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By Charmaine Robledo, Director of Communications, Mountain Sky Area of The United Methodist Church
What can Alcoholics Anonymous teach about church vitality? For a start, the A.A. program offers guiding principles that, according to its website, if put into practice can allow participants "to become happily and usefully whole." The sense of wholeness and practice is similar to the ideas behind the Whole Church Initiative, a new program created by the Rev. Jeremy Scott to address church vitality in the Yellowstone and Rocky Mountain annual conferences.
"We looked at techniques and what is successful," said Scott, who started as the Mountain Sky Area Vital Congregations Developer last July. Referencing A.A. and its models, Scott said, "We build in facets of that. We work with the church in a constructive, not confrontive, way."
He added the work entails having churches be "honest where they are and help them understand you are what you are for a reason."
Indeed, the difficult realization that churches are facing decline in attendance and disciple-making is evident in reports released last year for the Mountain Sky Area. For the Rocky Mountain Conference, a conference-appointed team presented data that showed a drop in worship attendance, going from nearly 34,000 in 2004 to now hovering above 29,000 in 2013. For the Yellowstone Conference, leadership noted that "since 1974, attendance has declined 33 percent and is projected to decline by 50 percent within the next ten years."
For Scott, here is how the Whole Church Initiative, or WCI for short, fits in: Intervention, but with little judgment. He describes the process as a peer setting with teams of committed people within the church -- both clergy and lay -- to learn and work together. In addition, the WCI also groups three to four churches to train and coach together. Currently, the United Methodist churches that are involved in the WCI are Billings Grace, Cody, Powell and Worland.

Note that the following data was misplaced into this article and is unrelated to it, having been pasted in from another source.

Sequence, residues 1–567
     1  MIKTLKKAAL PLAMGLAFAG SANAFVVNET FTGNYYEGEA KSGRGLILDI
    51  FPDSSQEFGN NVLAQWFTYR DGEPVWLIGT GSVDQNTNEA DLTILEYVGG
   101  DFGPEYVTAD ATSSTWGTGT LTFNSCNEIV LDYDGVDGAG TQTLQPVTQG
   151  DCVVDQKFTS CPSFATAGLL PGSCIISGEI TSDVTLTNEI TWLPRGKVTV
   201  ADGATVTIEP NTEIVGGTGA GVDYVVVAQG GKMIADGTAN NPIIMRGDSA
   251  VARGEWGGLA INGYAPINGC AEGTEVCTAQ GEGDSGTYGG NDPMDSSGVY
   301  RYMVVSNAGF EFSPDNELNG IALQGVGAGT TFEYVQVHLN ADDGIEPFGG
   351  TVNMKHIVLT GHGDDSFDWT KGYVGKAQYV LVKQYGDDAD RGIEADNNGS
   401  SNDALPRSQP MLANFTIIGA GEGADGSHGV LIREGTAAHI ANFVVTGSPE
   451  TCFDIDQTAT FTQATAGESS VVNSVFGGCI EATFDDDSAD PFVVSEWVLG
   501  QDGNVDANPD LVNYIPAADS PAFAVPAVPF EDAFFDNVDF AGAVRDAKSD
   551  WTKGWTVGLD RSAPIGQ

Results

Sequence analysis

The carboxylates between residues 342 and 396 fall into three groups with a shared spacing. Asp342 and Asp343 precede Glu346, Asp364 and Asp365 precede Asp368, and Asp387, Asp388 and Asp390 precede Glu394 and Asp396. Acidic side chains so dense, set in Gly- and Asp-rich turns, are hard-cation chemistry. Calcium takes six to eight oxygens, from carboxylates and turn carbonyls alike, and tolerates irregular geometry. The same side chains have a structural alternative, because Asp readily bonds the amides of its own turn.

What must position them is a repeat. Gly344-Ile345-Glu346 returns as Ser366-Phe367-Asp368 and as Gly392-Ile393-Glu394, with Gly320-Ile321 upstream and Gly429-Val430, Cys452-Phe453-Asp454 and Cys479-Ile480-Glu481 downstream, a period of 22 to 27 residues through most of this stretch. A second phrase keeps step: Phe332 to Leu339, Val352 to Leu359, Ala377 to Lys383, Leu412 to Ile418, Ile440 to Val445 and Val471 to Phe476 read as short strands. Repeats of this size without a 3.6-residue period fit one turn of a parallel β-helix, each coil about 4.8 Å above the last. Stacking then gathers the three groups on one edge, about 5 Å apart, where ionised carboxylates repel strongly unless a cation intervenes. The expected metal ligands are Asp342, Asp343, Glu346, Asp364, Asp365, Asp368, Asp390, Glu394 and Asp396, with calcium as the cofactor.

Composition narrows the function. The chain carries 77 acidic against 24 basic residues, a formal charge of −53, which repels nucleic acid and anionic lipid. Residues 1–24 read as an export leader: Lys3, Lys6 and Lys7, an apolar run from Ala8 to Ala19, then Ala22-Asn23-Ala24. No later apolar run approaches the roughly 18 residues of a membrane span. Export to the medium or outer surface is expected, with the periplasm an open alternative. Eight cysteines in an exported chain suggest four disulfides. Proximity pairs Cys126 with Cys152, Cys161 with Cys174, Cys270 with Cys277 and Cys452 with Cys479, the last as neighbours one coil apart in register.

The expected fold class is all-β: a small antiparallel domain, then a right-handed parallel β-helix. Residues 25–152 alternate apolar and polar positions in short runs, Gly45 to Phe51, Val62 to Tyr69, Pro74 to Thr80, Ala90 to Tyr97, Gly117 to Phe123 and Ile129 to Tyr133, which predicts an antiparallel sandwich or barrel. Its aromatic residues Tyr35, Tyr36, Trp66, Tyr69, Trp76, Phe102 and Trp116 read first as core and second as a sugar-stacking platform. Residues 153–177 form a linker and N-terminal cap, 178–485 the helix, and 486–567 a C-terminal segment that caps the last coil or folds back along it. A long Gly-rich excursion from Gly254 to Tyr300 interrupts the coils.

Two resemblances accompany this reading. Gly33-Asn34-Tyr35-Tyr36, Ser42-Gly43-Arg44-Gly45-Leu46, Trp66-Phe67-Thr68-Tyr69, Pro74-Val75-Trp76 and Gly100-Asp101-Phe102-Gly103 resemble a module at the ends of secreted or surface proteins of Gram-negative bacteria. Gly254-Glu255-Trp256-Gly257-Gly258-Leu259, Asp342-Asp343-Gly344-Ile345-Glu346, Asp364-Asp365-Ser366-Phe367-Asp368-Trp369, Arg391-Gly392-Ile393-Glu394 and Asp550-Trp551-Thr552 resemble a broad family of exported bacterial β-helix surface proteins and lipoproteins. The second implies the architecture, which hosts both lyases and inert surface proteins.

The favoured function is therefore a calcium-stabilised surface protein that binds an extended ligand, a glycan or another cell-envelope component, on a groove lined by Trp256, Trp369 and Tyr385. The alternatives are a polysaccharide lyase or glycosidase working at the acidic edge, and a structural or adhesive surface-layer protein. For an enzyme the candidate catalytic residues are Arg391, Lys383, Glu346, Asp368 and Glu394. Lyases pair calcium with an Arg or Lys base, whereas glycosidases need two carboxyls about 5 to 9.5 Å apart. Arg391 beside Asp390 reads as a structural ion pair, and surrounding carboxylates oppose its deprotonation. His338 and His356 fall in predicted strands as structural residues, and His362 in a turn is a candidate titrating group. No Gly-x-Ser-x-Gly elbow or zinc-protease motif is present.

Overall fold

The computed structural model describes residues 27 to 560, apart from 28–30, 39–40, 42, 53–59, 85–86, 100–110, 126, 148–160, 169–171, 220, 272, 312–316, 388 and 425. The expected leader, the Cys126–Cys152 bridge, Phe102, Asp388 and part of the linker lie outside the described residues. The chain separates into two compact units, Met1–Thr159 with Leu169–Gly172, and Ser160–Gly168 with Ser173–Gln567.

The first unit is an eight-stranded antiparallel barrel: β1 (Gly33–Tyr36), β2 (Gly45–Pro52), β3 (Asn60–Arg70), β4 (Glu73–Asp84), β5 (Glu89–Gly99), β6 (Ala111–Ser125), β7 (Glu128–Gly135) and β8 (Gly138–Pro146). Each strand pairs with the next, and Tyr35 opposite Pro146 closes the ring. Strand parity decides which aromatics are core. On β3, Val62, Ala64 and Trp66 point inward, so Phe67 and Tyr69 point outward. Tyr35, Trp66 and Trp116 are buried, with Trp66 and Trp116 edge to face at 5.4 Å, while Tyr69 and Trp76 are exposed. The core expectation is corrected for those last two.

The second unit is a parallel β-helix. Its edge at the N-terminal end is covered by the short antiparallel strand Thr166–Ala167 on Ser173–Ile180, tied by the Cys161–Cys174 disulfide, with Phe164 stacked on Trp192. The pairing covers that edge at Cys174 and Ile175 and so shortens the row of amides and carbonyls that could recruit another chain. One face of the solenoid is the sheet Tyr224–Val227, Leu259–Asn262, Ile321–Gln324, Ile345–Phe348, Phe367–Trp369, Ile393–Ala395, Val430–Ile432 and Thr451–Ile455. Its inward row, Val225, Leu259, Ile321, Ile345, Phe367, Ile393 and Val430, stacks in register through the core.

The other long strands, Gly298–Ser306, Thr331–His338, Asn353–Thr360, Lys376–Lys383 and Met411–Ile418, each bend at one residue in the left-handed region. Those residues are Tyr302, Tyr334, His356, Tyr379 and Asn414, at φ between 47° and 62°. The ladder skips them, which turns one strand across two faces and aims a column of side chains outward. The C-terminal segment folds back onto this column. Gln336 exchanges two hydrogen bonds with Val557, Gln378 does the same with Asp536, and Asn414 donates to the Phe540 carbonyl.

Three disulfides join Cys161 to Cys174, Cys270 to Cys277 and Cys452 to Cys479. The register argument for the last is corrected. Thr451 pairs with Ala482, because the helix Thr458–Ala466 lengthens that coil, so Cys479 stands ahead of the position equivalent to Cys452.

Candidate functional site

"I think it's going great," said the Rev. Steve Brown of Worland UMC, about the WCI. "The team is involved. We're intentional about greeting, visiting ... stepping up to the plate."
Brown added that Worland UMC is heavily active in certifying lay servants within the church. One of their big targets is outreach in the community, particularly to young families. He said the WCI has "perked up their spirits and added a big spark." Before WCI, worship attendance was averaging between 30 to 40 people. Now it's averaging 60 people every Sunday.
Are we focused on spiritual formation? Do we have a process for disciple-making? What about home mission? These are the questions that WCI challenges us to ask." - The Rev. Karen McRae, Cody United Methodist Church in Wyoming
Cody UMC is taking a different approach with their WCI method. The Rev. Karen McRae said they are still in the early stages, even though the church has been involved since September.
"We're still in a state of listening and learning," McRae said. To broaden their discussion, she said the team at Cody UMC is asking themselves: "Are we focused on spiritual formation? Do we have a process of disciple-making? What about home mission?"
"These are important questions that WCI challenges us to ask," she said.
Scott understands that not all churches will have a plan right away. The point of WCI is "intentional coaching," which Scott believes sets the Whole Church Initiative apart from other congregational development programs. Similar to what the A.A. provides in a sponsor, churches in the WCI are held accountable through a covenanting process in which the church affirms its responsibility positively, and avoids what Scott calls "the classic church behavior of fear, doubt and uncertainty."
This isn't about quick fixes. ... There were some expectations that this will solve all our problems, but that's not the point." - The Rev. Sarah Beck, Billings Grace United Methodist Church in Montana
In this first go-around, Scott said the outcomes for WCI are really "unquantifiable." What he's looking for are the "stories they tell and things that happen in churches ... instances where God is showing up."
The Rev. Sarah Beck, of Billings Grace UMC, agrees.
"This isn't about quick fixes," she said. "We're really doing some deep listening. There were some expectations that this will solve all our problems, but that's not the point."
Beck continued, "The idea is to say, 'build from your strengths, that's where the change comes from.'"
"For the most part, I feel part of WCI has freed me up to really be a pastor," said the Rev. Jim Barth, of Powell UMC, adding the church is now trying to change its service times to attract new people. "This might sound strange, but to try new things and fail has been great. We're moving around our entire worship and what new possibilities that will open up."